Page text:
A time to relearn an ancient form of prayer?
Believers in contemplative prayer say Christmas offers a chance to try a more complex way of talking with God.
By K. Connie Kang, Times Staff Writer
LOS ANGELES, Dec. 23, 2006 (http://www.latimes.com) "Be still and know that I am God." Psalm 46:10
Theologians often describe prayer as a dialogue, but for some people it's more of a monologue. The supplicant makes requests or recites an established prayer.
But in a practice known as contemplative prayer, the opposite is the case.
As Sister Thomas Bernard MacConnell puts it, the aim is to "listen" attentively, not just with the ears, but with the eyes, heart and soul. Very quietly, practitioners of contemplative prayer try to put themselves in the presence of God and wait to see what he might do or inspire, said MacConnell, 80, a veteran teacher of contemplative prayer. She also is founder of the Spirituality Center on the campus of Mount St. Mary's College in Los Angeles.
"It's not so much a mind thing as it is a heart thing," she said.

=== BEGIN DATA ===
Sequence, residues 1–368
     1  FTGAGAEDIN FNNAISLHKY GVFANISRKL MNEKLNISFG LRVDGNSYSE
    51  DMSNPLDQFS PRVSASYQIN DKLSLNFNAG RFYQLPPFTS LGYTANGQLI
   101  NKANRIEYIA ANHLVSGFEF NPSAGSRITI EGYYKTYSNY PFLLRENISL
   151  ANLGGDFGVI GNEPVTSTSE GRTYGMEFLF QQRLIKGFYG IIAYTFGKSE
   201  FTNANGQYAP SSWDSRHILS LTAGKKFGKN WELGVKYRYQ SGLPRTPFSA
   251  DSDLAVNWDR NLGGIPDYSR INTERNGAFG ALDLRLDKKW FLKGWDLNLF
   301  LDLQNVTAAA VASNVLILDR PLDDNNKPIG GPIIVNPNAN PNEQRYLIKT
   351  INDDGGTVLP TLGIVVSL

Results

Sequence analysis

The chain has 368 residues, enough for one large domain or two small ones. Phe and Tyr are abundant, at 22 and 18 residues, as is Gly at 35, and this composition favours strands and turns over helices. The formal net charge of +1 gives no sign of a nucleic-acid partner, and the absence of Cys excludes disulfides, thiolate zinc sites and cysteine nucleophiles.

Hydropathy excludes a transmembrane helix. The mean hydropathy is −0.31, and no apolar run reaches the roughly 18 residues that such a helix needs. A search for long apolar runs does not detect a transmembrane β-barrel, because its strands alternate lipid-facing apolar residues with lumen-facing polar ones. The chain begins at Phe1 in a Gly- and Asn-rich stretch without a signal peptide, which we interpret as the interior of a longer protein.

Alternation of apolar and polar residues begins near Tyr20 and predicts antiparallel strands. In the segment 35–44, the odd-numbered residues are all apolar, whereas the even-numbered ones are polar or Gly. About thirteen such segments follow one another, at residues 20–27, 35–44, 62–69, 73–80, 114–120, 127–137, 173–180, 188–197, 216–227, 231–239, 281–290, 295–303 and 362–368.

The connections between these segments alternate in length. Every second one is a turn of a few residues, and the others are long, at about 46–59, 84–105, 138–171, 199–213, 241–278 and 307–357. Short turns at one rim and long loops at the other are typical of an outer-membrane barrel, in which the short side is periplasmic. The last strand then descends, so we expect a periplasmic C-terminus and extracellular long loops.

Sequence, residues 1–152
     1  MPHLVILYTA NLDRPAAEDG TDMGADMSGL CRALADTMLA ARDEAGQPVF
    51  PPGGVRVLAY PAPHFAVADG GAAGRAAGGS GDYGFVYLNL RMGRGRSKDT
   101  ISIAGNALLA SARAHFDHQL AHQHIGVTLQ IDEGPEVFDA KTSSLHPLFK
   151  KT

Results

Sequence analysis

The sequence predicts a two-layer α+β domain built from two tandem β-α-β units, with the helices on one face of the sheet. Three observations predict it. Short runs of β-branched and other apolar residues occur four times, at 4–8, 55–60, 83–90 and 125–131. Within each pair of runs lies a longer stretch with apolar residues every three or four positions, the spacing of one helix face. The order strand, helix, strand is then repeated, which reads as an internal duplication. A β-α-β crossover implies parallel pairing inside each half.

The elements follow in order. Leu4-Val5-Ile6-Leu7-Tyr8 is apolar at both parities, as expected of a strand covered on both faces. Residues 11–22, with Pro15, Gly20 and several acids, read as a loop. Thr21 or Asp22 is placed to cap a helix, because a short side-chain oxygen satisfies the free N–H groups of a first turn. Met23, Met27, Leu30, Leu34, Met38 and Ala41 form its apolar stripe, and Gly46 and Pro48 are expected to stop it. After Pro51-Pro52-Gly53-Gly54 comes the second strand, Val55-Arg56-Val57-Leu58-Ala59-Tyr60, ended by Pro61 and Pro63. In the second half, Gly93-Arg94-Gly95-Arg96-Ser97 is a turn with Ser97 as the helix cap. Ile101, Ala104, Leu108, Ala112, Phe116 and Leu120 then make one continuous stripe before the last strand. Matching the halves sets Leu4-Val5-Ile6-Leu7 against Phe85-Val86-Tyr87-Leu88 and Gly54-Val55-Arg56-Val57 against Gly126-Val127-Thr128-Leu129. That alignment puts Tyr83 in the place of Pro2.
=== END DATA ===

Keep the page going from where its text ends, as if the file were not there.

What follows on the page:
Judy Peace, a spiritual director, described contemplative prayer another way: "A long, loving look at the real. Gazing at the one who is gazing at you."
This Christmas season — when 2 billion Christians worldwide celebrate the birth of Jesus Christ — may well be the time to become acquainted with this ancient form of prayer, experts suggest.
"Jesus is our model for contemplative prayer," MacConnell said, noting how he often withdrew from crowds to pray in solitude.
A Christmas contemplative would bring to the season "a profound wonder and awe at what has happened: that God has chosen to live with us — as us," MacConnell said joyfully, a twinkle in her eye despite a bad cold.
Noting Gospel accounts of the Nativity, she added, "Notice, notice how often the word 'Behold' comes up. That's like an invitation to us: 'Look and see! Look at what's right in front of you: God becoming human.'
"It's not to say that this God was never with us before that, because we have a whole Hebraic tradition of God's presence. But, to come as a human — my goodness, that's an awesome thing."
Sometimes also called "interior prayer," contemplative prayer is distinguished "somewhat" from meditative prayer, MacConnell said.
"In meditation, the mind part of us is very active," she said. "We read, and we reflect and we compare and all that. But in contemplation that's much diminished."
And although other forms of prayer might seem best suited for groups in houses of worship, contemplative prayer is private. It can be done sitting quietly or during the hustle and bustle of daily life.